Anyway, presumably now higher than Tom Boonen on payday, the baker and the Spice King decide to bake some tarts:

Frankly, I'd be hesitant to eat anything baked by the Saffron King--not because it might contain narcotics, but because it might be full of beard hair. I'd at least like to see him putting on some sort of beardnet before going to work:

Here he is mixing in the beard hair:

Here they are sliding the tarts into the oven along with the freebase:

Here they are testing the finished product:

And here's the Saffron King pulling a really long beard hair out of his mouth:

"Can I grab a couple to throw in my panniers?," asks the Saffron King. "I'm going to ride further down towards Chinatown," he exclaims--clearly planning to sell the "tarts" to his next connection. However, the police are wise to the entire operation by now, and they seize him as soon as he walks out of the door:

And so it would seem that this particular episode of "Pedaling" was actually an elaborate sting operation designed to take the Saffron King down, and I'm sure the authorities are grateful for Mike Sinyard's participation. (Actually, he likely "ratted out" Boonen too, and the Saffron King was probably Boonen's supplier.) I'm looking forward to watching the next episode, which once again features the Fixie Crew, and I hope they too receive the justice they deserve.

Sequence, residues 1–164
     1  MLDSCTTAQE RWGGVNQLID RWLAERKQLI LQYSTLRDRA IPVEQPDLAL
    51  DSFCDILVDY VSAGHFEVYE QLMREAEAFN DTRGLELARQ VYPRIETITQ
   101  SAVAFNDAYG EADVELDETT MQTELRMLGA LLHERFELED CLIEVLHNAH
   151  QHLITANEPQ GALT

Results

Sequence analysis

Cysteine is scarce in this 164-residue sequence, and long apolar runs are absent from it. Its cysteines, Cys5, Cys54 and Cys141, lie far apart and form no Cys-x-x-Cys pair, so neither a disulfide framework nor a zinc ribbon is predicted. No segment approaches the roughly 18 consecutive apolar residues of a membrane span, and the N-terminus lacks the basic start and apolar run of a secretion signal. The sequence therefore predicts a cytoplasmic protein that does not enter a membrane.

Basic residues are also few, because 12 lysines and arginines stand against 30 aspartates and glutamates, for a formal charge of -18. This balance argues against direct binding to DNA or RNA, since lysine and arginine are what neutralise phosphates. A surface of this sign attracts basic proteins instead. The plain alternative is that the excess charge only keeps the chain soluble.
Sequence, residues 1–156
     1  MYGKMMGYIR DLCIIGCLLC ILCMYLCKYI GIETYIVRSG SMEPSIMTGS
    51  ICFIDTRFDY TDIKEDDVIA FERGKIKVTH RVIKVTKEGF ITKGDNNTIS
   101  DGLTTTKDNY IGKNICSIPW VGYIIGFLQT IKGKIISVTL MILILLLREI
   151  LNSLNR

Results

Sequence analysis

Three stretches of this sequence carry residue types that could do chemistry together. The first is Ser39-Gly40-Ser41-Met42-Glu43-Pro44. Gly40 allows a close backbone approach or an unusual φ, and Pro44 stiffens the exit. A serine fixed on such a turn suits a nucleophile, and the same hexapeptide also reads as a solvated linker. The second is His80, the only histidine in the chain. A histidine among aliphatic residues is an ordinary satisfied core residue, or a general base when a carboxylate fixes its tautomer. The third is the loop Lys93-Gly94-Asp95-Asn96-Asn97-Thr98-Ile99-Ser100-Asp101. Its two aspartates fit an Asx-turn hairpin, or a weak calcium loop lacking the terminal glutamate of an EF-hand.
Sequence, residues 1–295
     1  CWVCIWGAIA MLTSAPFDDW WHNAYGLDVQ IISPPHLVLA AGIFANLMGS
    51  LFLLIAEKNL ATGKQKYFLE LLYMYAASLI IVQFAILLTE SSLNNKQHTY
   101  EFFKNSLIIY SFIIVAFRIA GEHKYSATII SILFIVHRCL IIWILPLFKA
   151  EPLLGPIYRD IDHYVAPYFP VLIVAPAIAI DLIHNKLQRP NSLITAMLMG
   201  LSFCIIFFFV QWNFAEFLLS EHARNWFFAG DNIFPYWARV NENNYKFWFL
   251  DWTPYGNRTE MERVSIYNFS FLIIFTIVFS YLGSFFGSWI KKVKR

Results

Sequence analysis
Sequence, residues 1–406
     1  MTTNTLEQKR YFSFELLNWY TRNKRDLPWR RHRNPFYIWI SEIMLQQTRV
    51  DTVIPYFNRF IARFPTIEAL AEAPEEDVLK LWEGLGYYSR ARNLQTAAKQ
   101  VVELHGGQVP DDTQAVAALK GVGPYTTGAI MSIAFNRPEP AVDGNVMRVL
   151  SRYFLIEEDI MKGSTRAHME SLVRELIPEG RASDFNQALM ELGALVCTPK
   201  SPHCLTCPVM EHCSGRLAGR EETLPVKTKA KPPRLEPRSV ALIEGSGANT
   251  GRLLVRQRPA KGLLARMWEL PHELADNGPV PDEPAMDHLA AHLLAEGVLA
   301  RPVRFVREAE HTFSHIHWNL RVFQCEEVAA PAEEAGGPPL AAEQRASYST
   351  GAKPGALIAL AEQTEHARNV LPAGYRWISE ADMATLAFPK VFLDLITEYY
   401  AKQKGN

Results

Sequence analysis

Tuesday, 26 January 2010

Feeling Freaky: Who Needs Insight?

Like the brakeless rider who does not consider how he will stop his bicycle until he's at the bottom of the hill, the light is red, and an SUV is approaching the intersection, I do not always think things through. For example, when I announced "The Great Meh BSNYC Free Scat Contest!" yesterday, it did not occur to me that perusing people's tales of lament would take a great psychic toll on me. Indeed, to "curate" this contest is to enter a world of injury, theft, pain, and heartache, and the subsequent angst can be assuaged only with spirits. It was not yet sundown yesterday when I began drinking, and it was not yet time for the evening news when I found myself passed out face-down in a bowl of cold macaroni and cheese. Alas, there are too many deserving souls and too few mail-order singlespeeds, and it saddens me that I have but one to give.

Today, however, brings perspective, and after consuming my customary hangover concoction (consisting of apple juice, black pepper, skim milk, and a shot of that disgusting yellow water that's always first to emerge from a squeeze bottle of mustard) I now realize that I must focus on the positive. So instead of dwelling on the many people I will disappoint, I will instead imagine the joy that will fill the life of the winner as well as the beauty that is a brand-new Scattante Americano Courier whatever-the-hell-they're-called. Which bike will the winner choose? Perhaps it will be this one: